Moussaka, a Greek and Turkish favorite

by Sarah on September 30, 2011


Moussaka may be pure Greek but as with many dishes of the region, there is also a Turkish version. After all, Asia Minor was very much a part of Greece when Constantinople was the capital of the Byzantine Empire, while the Ottomans once controlled much of Eastern Europe. The intertwined history and proximity of Turkey and Greece is reflected in their cuisine.

According to food historian Clifford Wright, the earliest mention of moussaka, then known as maghmuma, is thought to come from the Bagdad Cookery Book of the 13th century. Although it is difficult to untangle the exact origin of some ethnic foods it is often agreed that moussaka gained international popularity thanks to Sifnos Nikos Tselementes.

moussaka, greek

Moussaka served in Rhodes, Greece at a typical tourist restaurant. Probably not the best version of this dish.

Tselementes, a famous Greek chef who studied in France in the early 19th century did wonders to reclaim moussaka as a national dish. He compiled a collection of traditional Greek recipes but also experimented to produce what we would now consider fusion cuisine. Influenced by French cooking techniques, his recipe for moussaka includes a rich béchamel sauce that has become the hallmark of Greek food.

I have omitted the top cream layer to keep it compatible with the Jewish observance of separating meat and milk. This in fact is closer to the Turkish way of making it. Those observing the Islamic laws of halal, exclude the wine or replace it with vegetable or meat based broth.  To infuse this dish with the flavors of the Mediterranean, I have added herbs that grow wild in the region.



4 medium eggplants, about 1.5 kg

1kg ground meat (I usually use beef, but use lamb if it is available)

6 tablespoons olive oil

1 onion, chopped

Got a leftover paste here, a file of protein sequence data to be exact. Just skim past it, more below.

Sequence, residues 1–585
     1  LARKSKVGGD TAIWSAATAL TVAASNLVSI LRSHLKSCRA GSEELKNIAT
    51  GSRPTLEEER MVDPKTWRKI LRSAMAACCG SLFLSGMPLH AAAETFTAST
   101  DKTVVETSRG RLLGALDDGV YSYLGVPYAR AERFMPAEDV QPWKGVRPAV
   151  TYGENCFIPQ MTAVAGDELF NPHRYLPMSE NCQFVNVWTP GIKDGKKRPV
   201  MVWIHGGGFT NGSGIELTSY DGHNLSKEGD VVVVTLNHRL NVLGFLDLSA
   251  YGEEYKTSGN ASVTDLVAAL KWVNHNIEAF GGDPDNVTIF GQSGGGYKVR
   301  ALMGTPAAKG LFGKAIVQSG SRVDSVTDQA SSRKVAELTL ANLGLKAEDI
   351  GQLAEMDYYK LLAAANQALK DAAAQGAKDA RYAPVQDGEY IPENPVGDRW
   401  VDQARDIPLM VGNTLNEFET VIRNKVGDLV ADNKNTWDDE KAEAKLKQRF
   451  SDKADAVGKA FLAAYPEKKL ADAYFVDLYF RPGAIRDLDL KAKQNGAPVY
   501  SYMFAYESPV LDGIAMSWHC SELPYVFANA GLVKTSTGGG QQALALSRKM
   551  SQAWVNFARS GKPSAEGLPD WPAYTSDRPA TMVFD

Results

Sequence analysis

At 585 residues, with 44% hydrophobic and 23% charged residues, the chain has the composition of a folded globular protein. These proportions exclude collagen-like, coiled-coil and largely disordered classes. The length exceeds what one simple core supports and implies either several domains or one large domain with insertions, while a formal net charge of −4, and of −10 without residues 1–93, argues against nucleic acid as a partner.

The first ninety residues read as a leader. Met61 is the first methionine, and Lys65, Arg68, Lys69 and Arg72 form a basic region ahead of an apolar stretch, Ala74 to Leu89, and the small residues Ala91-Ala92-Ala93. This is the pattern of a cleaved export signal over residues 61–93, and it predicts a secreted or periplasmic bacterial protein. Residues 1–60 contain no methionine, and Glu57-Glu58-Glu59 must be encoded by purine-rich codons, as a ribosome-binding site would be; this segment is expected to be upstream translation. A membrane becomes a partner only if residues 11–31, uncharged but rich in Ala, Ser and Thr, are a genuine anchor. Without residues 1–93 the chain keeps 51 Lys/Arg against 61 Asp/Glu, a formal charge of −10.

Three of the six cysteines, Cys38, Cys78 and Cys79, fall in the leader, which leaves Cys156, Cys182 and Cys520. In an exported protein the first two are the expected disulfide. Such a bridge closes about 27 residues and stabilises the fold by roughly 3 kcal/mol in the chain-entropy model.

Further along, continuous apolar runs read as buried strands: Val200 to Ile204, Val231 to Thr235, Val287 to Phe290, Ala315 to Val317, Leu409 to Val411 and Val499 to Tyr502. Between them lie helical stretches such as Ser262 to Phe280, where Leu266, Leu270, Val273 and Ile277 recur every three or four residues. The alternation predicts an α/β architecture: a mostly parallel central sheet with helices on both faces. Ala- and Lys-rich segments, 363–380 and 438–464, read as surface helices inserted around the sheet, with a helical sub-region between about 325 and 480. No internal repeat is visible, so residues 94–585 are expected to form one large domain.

4 garlic cloves, minced

2 sage leaves, minced

1 teaspoon dried oregano

1 teaspoon dried thyme or two teaspoons if using fresh

4 tomatoes, peeled, seeded and chopped

Salt and pepper

½ cup dry white wine

¼ teaspoon cinnamon

½ teaspoon sugar


Tomato sauce

4 tablespoons olive oil

2 garlic cloves,

8 tomatoes, peeled, crushed

½ teaspoon oregano

3 tablespoon parsley

Salt and pepper



1 tomato sliced

A few slices of roasted eggplant



Preheat the oven to 200°C (390°F). Slice the eggplant into 1 cm thick rounds. Season the eggplants with salt and pepper and brush both sides with olive oil. Place on a parchment lined oven tray and bake until the eggplant slices turn golden brown. Turn the slices to brown opposite side. This takes about 45 minutes

Sautee the onions in olive oil until golden brown. Add the minced garlic and continue stirring to release its aroma. Add the meat and sage, cooking until the meat changes color and becomes crumbly. Break large clumps with a fork if necessary. Add the tomatoes, white wine, bay leaves, cinnamon, sugar, salt and pepper and cook until the meat sauce thickens. Set aside.


Put all the ingredients except the parsley leaves in a food processor and grind into a smooth mixture. Pour into a small pot and cook uncovered for 40 minutes or until the sauce thickens. Add the parsley. Heat the oven to 190°C (374°F).

In an oven proof dish (23x20cm, 8×9 inches) layer the eggplant to completely cover the bottom, overlapping if necessary. Add an even layer of meat sauce and another layer of eggplant. On top of the eggplants add a layer of tomato sauce, and another of meat and the final layer of eggplant. Add the remaining tomato and meat sauce on top of the eggplant. Decorate with a few tomato and roasted eggplant slices and bake for 1 hour and 15 minutes. Serve garnished with fresh herbs and a large Greek Salad.


Related Posts with Thumbnails